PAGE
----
After 1940, when the anti-Semitic fascist symparthiser Ion Antonescu took over the leadership of the country, Filderman intervened with him as a representative of the Federation, several times obtaining the revocation of serious measures, such as the wearing of the yellow badge, the deportation of Romanian Jews to Nazi death camps in Poland, etc. At the beginning of 1942, when the Federation of Communities was dissolved, Filderman continued to write to authorities to denounce the racial measures. He was a member of the underground Jewish Council, formed of representatives of the principal Jewish trends. When he expressed his opposition to the special tax of four billion lei imposed on the Jews he was sent to Transnistria (March 1943), returning after three months through the intervention of the papal nuncio and the Swiss and Swedish ambassadors. Back in Bucharest, he immediately reported to the Romanian government on the terrible situation of the deportees in Transnistria and asked for their return, which was obtained at the end of the same year.

After the war, he again became president of the Federation of Communities and of the Union of Romanian Jews and representative of the JDC. He was however persecuted by the Communists, In 1948 he secretly left Romania and settled in Paris.
Liviu Rotman

Liviu Rotman (b. 1947), researcher of the history of the Jews of Romania, born in Bucharest, Romania. He graduated from the Mihai Viteazul High School and then attended the Faculty of History at the University of Bucharest earning a PhD. He immigrated to Israel in 1985. Between 1990 - 2003 he worked as a researcher and lecturer at Tel Aviv University, especially within the framework of the Romanian Jewish History Center Goldstein-Goren, a department of the Diaspora Research Institute of the University.  Rotman is an associate professor at the University of Bucharest and member of the Academic Council of the Institute of Jewish Studies at the University of Bucharest. Rotman edited a five-volume series on the history of Romanian Jewry. His works include Şcoala israelito-română: Învăţămantul evreiesc modern din România (“Education as a mirror of society: Jewish-Romanian school, 1851-1914”, 1999), Memory of the Holocaust in Communist Romania: from Minimization to Oblivion (2003); Evreii din România în perioada comunistă 1944-1965 ("Jews in Romania during the Communist regime", 2004); The Kehillah in Romania: The Pulse, Character and History of the Jewish Community of Romania (2015).

Myriam Marbe

Myriam Marbé (1931-1997), composer of avant-garde music, pianist, and musicologist, born in Bucharest, Romania, the daughter of Max Marbe, a medical researcher, and of Angela Marbe, a piano teacher. She began her musical studies with her mother followed by studies at the Conservatory of Music of Bucharest from 1944 to 1954 under the guidance of Mihail Jora, a leading Romanian composer. She served as a film director at Casa de filme in Bucharest from 1953 to 1965 and a lecturer at the Conservatory of Music of Bucharest from 1954 to 1988. She participated three times at Darmstädter Ferienkursen in Darmstadt, Germany, during 1968-1972, and at the Festival of Contemporary Music in Royan, France, in 1971. Marbe was granted a working grant by the city of Mannheim during 1989-1990. Marbe composed over fifty pieces of music in a variety of genres - music for ballet, chamber music, liturgical music, symphonic compositions, vocal music, opera and lyrical music – including Nunta Zamfirei (1954), In Memoriam (1959), Le Temps Inévitable (1968-1971),  Serenata – Eine kleine Sonnenmusik (1974), Concerto for Viola and Orchestra (1977), Souvenir d'un paysage inconnu (1979), Concertul pentru Daniel Kientzy și saxofon (1986), Dialogi – nicht nur ein Bilderbuch für Christian Morgenstern (1989), Fra Angelico - Chagall – Voroneț, Requiem (1990), Sym-phonia for mezzo-soprano and chamber ensemble on poems by Else Lasker-Schüler (1996), and Song of Ruth (1997).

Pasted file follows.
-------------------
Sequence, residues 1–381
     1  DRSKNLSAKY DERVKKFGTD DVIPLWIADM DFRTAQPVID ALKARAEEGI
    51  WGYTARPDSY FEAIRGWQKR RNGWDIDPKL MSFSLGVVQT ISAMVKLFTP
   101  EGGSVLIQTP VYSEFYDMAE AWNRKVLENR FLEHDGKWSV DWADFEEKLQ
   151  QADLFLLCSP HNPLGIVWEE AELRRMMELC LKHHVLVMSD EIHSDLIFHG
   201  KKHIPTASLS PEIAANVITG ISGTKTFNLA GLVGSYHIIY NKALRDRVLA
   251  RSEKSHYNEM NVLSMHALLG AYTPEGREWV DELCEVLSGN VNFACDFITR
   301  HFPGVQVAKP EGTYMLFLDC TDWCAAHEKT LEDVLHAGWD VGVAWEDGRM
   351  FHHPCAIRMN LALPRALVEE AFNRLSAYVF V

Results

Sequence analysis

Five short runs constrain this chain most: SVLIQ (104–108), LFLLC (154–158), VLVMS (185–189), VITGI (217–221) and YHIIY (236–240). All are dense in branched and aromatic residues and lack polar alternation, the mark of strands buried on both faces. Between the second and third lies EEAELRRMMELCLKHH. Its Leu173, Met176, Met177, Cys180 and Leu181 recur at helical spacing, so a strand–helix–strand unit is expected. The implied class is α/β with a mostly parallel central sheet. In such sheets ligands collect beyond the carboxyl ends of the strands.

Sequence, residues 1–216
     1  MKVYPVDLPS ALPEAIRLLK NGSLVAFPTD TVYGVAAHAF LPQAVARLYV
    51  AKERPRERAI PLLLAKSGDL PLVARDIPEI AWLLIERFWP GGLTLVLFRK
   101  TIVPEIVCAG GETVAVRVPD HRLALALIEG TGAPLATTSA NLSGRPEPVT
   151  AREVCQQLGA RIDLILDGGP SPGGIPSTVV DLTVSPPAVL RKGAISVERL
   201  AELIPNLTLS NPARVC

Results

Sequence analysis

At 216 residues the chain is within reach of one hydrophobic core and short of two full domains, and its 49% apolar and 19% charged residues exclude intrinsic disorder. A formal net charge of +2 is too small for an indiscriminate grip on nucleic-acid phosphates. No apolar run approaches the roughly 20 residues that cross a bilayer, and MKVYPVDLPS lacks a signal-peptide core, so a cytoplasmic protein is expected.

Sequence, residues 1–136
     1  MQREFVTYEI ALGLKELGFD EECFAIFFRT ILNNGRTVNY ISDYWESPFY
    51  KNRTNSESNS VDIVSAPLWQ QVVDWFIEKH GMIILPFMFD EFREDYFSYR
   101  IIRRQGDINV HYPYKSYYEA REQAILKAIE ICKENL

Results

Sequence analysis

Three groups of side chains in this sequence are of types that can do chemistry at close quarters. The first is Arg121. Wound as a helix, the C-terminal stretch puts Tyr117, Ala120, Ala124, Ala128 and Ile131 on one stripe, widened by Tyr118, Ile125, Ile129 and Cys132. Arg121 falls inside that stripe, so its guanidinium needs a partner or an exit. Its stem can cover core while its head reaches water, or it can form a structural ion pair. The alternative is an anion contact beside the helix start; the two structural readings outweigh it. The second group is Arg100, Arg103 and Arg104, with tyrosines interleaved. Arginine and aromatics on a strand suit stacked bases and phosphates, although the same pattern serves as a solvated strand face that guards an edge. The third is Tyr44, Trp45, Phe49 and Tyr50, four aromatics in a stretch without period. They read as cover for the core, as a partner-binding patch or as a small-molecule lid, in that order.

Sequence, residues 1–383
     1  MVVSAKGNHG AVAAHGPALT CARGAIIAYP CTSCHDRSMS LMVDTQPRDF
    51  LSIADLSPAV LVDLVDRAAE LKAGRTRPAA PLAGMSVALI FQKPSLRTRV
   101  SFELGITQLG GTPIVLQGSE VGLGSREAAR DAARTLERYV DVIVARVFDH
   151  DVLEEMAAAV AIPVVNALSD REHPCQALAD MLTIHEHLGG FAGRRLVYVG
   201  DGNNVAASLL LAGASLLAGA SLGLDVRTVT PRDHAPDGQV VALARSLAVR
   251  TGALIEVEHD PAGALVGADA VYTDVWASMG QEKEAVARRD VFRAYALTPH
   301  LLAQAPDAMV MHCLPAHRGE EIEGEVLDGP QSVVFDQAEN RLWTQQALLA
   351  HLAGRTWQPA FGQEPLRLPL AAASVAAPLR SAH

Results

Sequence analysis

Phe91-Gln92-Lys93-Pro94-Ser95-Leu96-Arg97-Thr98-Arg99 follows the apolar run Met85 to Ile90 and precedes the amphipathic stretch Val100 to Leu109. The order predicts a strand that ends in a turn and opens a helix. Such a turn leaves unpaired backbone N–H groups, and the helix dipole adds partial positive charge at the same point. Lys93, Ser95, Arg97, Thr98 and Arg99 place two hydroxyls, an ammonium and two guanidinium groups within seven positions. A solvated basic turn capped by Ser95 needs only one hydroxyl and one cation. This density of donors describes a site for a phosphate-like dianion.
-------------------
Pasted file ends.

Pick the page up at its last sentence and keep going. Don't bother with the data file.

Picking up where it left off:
Sergiu Comissiona

Sergiu Comissiona (1928-2005), conductor and violinist.

Born in Bucharest, Romania. He studied at the Bucharest Music Academy. His first appearance as a conductor took place in 1948. He worked with the Romanian State Ensemble, and the Bucharest Symphony Orchestra. In 1959 he settled in Israel and conducted the Haifa Symphony Orchestra and Israel Chamber Orchestra. Later he moved to the United States and conducted the Ulster and Baltimore Opera Houses. He was the Music Director of the Vancouver Symphony Orchestra, principal conductor of the Spanish national broadcasting network orchestra in Madrid, he conductor of the University of Southern California Thornton School of Music Symphony. He died in Oklahoma City. 

Julius Popper

Julius Popper (1857–1893), engineer, adventurer and explorer, born in Bucharest, Romania. He started his education at his father's private school and at the age of 17 moved to Paris, France, where he attended the Politechnique and then the École des Ponts et Chaussées graduating as a mines engineer. He also attended various courses on chemistry, physics, meteorology, ethnography, geology and geography at Sorbonne.

He started his travels around the world in Constantinople, Ottoman Empire (now Istanbul, Turkey), from there he moved to Egypt where he worked for some time at the maintainance of the Suez Channel. He continued to India, China, and Japan, and from there he returned to Romania to visit his family in 1881, never to come back. He restarted his travels first to Siberia, Russia, and then to Alaska, Canada, and the USA, where he stayed for sometime in New Orleans, LA. Popper then moved to Cuba, at the time a Spanish colony, where he contributed to the urban planning of the city of Havana being the main responsible for its modern development. From Cuba Popper traveled to Mexico, where he started a journalistic career, then to Brazil, and finally in 1885 he arrived in Argentina following rumors of gold rush.